The United Nations´ Human Rights Committee has said that Ireland should revise the Eighth Amendment to allow terminations for fatal foetal abnormalities.
Under Ireland´s current abortion laws, the right to life of an unborn child is protected by the Eighth Amendment. New laws were introduced in 2013 to allow abortions when the mother´s health is at risk, but a ban remains on terminations for fatal foetal abnormalities and inevitable miscarriages, and when a pregnancy is attributable to rape or incest.
Due to the ban on terminations for fatal foetal abnormalities, 21-weeks pregnant Amanda Mellet was forced to travel to the UK for a termination after being told that her unborn child would die in the womb or shortly after birth. Amanda endured a traumatic experience due to there being little information available to her before undergoing the procedure and no bereavement support available to her on her return to Ireland.
After founding the organization “Termination for Medical Reasons” in order to campaign for a change to the law, Amanda made a complaint to the United Nations´ Human Rights Committee through the Centre for Reproductive Rights – claiming that Ireland´s ban on terminations for fatal foetal abnormalities was discriminatory, cruel, inhuman and degrading.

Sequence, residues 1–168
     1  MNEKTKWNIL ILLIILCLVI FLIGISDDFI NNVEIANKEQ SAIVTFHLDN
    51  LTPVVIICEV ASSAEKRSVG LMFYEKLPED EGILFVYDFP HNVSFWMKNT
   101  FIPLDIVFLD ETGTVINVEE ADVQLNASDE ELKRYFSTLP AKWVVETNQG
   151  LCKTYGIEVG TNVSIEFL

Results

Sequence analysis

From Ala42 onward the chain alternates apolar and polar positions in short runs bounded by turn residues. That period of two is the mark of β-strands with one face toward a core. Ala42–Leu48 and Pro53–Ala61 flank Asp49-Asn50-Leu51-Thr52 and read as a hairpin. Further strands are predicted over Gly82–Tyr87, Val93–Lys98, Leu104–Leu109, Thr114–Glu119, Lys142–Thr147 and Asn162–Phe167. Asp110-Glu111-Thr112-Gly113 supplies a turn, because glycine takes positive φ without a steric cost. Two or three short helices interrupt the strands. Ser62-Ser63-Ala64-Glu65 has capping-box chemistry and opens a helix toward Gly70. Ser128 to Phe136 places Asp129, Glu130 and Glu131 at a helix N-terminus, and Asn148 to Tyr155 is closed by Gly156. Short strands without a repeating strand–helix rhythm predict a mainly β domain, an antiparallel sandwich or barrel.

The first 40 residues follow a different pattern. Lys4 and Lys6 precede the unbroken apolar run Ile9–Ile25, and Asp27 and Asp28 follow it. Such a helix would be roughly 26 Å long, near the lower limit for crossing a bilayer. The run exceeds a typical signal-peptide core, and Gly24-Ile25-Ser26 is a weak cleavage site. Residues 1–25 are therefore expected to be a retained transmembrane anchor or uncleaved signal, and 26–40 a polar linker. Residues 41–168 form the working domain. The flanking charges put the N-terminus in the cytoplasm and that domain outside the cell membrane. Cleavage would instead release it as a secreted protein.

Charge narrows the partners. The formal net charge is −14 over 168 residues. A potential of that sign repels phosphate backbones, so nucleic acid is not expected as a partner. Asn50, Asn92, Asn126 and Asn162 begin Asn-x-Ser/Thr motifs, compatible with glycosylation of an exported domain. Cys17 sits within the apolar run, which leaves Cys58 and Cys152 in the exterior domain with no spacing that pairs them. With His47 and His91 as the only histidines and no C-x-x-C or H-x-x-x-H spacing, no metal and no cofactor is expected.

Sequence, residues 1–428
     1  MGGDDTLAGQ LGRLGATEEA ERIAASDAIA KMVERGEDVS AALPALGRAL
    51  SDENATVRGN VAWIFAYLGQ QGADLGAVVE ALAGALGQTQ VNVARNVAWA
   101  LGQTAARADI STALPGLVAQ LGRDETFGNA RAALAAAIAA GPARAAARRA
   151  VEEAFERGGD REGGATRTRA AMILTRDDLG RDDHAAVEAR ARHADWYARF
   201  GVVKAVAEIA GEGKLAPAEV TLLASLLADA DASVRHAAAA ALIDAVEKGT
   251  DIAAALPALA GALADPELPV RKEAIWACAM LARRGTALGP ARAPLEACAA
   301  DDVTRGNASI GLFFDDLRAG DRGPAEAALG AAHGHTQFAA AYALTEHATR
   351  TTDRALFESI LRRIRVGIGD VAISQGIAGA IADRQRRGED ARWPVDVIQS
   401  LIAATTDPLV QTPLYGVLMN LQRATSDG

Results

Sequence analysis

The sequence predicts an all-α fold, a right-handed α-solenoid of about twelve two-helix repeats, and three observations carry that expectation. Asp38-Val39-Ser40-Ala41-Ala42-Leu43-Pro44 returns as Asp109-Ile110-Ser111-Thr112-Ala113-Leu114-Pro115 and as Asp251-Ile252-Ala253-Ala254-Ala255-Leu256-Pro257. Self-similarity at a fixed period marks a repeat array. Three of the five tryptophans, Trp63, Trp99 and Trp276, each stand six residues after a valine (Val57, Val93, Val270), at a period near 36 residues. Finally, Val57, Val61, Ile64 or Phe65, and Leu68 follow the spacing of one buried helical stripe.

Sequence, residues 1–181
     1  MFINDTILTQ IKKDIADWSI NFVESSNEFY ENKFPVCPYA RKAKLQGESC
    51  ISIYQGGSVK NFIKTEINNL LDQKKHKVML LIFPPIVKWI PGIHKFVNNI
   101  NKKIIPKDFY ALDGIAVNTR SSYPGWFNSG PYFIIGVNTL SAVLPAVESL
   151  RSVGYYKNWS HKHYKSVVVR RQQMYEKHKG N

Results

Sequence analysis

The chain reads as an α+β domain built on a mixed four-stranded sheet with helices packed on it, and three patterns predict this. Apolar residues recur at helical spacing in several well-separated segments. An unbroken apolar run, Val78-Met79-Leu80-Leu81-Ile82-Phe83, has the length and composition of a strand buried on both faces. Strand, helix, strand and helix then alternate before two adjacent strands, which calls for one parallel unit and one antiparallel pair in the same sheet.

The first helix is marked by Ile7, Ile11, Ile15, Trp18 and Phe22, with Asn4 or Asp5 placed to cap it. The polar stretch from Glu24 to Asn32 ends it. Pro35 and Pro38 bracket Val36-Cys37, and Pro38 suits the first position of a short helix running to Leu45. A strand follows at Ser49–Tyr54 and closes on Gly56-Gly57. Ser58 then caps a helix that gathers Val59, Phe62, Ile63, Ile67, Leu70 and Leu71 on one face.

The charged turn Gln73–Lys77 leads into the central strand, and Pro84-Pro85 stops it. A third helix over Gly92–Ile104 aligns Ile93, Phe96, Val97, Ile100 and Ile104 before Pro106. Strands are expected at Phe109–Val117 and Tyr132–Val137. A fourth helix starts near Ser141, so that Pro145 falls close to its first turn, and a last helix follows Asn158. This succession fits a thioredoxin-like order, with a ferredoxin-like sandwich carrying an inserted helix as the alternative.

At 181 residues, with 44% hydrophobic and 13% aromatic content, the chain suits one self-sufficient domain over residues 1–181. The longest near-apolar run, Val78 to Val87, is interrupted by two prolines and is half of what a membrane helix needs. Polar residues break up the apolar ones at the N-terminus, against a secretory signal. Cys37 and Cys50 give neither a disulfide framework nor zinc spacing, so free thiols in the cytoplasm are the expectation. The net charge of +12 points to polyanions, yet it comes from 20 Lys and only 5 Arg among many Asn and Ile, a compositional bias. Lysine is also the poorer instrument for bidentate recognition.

Last week the Committee found in Amanda´s favour – saying that Amanda´s physical and emotional well-being had been jeopardised by Ireland´s position on terminations for fatal foetal abnormalities, that Amanda had been subjected to unnecessary financial and emotional suffering, and that the State should compensate her for failing to allow an abortion “in the familiar environment of her own country and under the care of health professionals whom she knew and trusted.”
The Human Rights Committee also said that Ireland should introduce laws – or revise the Eighth Amendment as necessary – in order to provide “effective, timely and accessible procedures for pregnancy termination in Ireland, and take measures to ensure that healthcare providers are in a position to supply full information on safe abortion services without fearing being subjected to criminal sanctions.”